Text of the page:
Full STEAM ahead as University invests £3m in PhD students

Full STEAM ahead as University invests £3m in PhD students

Birmingham City University has announced the largest investment into doctoral research scholarships in its 173-year history with the aim of powering cultural, societal and economic improvements in the West Midlands.

£3m will be invested to fully-fund new PhD students to carry out high-quality strategic research that will underpin the University’s teaching and learning, and support collaborations with organisations in the region.

Birmingham City University is already renowned for world-leading research in the creative Arts, which, when coupled with the Sciences, Technology, Engineering and Maths (STEM) creates multi-disciplinary capability referred to as ‘STEAM’.

The £3m investment will fund 50 doctoral students, known as STEAM Scholars, to study for a doctorate in key research priority areas within the University’s four Faculties, working with the institution’s academics and collaborating with regional organisations. 

The STEAM investment complements existing investments in funding PhD students including the Midlands 3 Cities doctoral training partnership funded by the Arts and Humanities Research Council (AHRC).

Places have been made available for the new STEAM Scholars to take up their studies from September 2016.

STEAMhouse is a £14m initiative which will see Birmingham’s old Typhoo Tea factory in Digbeth transformed into a collaborative working centre for businesses and academics, with a focus on connecting the arts with science, technology and maths to support economic growth and create up to 10,000 jobs.

The BCU Advantage scheme offers organisations and start-ups access to funding opportunities and advice from University experts, as well as providing students and graduates with contacts, training and employment opportunities.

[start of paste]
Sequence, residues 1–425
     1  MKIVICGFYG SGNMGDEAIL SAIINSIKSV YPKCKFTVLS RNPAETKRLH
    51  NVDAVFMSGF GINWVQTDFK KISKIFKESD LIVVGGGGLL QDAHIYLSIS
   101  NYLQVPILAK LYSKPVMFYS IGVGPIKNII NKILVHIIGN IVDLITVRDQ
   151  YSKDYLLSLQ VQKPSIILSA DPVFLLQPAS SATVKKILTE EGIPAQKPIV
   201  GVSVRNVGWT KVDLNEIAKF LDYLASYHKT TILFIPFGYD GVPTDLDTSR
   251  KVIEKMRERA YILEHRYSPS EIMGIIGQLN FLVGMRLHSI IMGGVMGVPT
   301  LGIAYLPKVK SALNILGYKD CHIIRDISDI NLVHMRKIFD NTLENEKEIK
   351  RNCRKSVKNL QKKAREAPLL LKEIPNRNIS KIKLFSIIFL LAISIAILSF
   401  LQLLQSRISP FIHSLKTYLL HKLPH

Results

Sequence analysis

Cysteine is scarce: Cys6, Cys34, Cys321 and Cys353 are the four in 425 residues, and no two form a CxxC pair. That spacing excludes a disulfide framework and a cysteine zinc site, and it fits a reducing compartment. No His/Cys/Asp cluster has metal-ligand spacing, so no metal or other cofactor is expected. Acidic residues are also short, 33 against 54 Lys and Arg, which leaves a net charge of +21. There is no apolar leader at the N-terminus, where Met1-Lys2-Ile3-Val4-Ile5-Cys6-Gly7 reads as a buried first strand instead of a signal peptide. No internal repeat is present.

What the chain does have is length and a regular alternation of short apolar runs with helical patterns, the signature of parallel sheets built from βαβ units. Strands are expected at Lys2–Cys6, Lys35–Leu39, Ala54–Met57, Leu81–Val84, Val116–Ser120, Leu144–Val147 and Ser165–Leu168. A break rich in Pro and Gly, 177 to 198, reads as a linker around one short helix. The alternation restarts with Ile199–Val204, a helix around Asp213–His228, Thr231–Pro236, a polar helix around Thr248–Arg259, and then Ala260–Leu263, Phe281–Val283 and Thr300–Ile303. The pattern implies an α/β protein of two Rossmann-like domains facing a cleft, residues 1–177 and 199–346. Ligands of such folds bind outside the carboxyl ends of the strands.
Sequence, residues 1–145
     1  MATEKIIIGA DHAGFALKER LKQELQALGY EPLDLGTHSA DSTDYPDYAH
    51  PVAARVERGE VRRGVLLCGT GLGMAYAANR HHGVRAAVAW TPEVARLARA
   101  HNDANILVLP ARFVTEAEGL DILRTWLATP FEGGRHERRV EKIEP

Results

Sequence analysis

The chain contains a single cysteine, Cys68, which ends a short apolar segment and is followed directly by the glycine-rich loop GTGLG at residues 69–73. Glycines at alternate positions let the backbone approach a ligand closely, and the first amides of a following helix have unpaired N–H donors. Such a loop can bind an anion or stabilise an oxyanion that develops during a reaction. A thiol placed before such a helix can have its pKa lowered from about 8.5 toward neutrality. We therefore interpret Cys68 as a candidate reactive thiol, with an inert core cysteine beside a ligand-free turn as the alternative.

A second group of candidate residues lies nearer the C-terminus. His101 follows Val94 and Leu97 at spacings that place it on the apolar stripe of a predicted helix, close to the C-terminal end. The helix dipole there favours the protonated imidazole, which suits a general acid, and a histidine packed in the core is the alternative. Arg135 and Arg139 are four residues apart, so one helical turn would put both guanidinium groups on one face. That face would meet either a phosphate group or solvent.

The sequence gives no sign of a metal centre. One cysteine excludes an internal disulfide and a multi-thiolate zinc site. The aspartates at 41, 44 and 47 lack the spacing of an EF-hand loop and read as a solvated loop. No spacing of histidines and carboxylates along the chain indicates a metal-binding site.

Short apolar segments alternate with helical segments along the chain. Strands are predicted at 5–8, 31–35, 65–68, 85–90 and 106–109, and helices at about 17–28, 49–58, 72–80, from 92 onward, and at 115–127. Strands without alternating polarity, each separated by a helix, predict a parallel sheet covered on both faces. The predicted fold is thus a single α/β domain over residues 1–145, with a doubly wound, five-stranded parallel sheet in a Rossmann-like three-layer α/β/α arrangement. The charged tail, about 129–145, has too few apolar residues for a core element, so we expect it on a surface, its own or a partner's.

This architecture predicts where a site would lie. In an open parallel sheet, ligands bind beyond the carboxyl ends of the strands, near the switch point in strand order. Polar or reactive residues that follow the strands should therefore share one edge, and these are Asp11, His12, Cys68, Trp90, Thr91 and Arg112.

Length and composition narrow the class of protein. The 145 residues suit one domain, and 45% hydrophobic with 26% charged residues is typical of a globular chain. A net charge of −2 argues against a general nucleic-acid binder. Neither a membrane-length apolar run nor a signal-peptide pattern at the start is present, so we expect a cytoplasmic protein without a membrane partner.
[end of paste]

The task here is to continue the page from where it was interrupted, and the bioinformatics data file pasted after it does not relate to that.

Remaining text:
Professor Julian Beer, deputy vice-chancellor at Birmingham City University, said: “Right now, Birmingham and the West Midlands are going through an unprecedented period of change.

“The Combined Authority has just been launched and we are one of the country’s most significant hotspots for new start-up businesses. All of this means we have some genuinely unique opportunities to link the University, its expertise and its research to what is happening in the City and our investment in 50 new PhD students is integral to this.”

Earlier this year the government placed an increased importance on postgraduate research studies such as Master’s degrees and PhDs, with the introduction of postgraduate loans for the first time. 

Professor Keith Osman, director of research, Birmingham City University, said: “The new knowledge our STEAM Scholars generate will not only inform our own curriculum, but their work will power collaborative research and innovation activities with external organisations.

“We are dedicated in ensuring our research has significant impact and delivers social, cultural and economic benefits across our region and beyond.”

 

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